They will die with a smile on their face knowing that the government promised to do its best to fight air pollution, and in actual fact did the opposite. They will rise to heaven on the government's hot air and tell St Peter it was all a mistake.
According to the government, they should still be living happily in Hong Kong, where the chief executive assured them the air quality was not bad at all.
Winston Chu Ka-sun, adviser, Society for Protection of the Harbour
While walking alongside the river in Guangzhou two weeks ago, I was within 400 metres of the White Swan Hotel when I saw a beautiful colonial-era building being lovingly restored to its former glory.
Then, last week, a nephew of mine from the Guangzhou area, in Hong Kong for a short break, told me that in his home village a planned main road had been rerouted to preserve a very old banyan tree.
In Hong Kong, the government's attitude is: if it's an old building, knock it down; if it's a magnificent old tree, ignore the fact: it's just a tree, really.
It seems to me that the powers that be on the mainland are far more enlightened and sensible than their counterparts in Hong Kong.
Bob Beadman, Tsuen Wan
An absurd exam topic
It is difficult to know which point is the more shocking in your report 'Students claim tip-off over public exam' (April 30).
First, it seems that instead of providing their fee-paying students with the skills needed to write a good essay on any topic, some private tutorial colleges provide teacher-written essays for them to memorise in the hope that the topic may come up in a public exam.
But then, what of the half-baked decision by the Examinations and Assessments Authority in setting such an absurdly pedestrian exam topic; Lemon Tea?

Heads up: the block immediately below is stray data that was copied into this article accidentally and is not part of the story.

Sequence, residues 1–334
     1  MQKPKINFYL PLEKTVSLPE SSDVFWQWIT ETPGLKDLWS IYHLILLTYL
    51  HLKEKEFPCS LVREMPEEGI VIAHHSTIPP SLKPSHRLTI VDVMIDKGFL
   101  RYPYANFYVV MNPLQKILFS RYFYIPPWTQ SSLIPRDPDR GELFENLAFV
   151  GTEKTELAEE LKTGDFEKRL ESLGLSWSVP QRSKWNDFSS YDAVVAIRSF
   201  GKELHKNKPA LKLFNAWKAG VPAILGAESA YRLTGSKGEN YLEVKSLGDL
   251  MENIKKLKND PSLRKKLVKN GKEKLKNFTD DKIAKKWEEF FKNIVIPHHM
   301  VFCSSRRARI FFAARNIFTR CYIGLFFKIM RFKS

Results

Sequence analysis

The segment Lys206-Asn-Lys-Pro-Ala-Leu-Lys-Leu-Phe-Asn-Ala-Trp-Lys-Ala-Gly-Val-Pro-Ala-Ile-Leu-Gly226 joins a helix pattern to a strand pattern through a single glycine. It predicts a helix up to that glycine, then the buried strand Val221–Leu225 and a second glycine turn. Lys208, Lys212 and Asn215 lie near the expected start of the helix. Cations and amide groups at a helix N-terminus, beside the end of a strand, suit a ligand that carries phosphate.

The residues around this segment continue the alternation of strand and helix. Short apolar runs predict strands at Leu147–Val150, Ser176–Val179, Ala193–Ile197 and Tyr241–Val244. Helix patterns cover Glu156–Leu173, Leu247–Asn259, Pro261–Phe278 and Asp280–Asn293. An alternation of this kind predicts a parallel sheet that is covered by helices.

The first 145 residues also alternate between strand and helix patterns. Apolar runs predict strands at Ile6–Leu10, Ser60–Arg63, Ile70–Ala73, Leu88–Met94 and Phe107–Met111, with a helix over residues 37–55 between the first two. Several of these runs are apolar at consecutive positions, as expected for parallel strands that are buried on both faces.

This would be easy for even the weakest of students to cover, thus making the exam certificate as worthless as the exam question paper.
Mary Pang, Kwai Chung
Does David Eason, 'Unfaithful civilisations doomed to fall' (April 29), really think it Christian to pray for the death of an innocent wishing tree and then rejoice that God has done his bit by answering the prayer?
I am also puzzled that he thinks God might bring down the Ngong Ping 360 cable car as a blow against Buddhist idolatry. His vindictive thinking is quite enough to put fair-minded folk off Christianity.
Paul Serfaty, Mid-Levels
A petty God
David Eason says God answered his prayer to teach idolaters a lesson by causing the Lam Tsuen wishing tree to lose branches two years after the fact.
It seems to me a rather lazy form of answering a prayer - 'causing' something to happen which would have been likely to happen anyway, with or without supernatural interference.
Perhaps God should go on a motivational seminar. Maybe it is Mr Eason's opinion that God moves not so much in mysterious ways, but particularly petty ones.
Alethea Dean, Discovery Bay
In reference to the article 'Money to burn' by Stephen Vines (April 27), I would like to point out that Secretary for Commerce, Industry and Technology Joseph Wong Wing-ping is neither a director of, nor a government representative at, the Applied Science and Technology Research Institute.
This means he could not be 'among the worst offenders for non-attendance ... who missed 10 meetings on the trot' as described in the article.
Augustine Poon, press secretary to the secretary for Commerce, Industry and Technology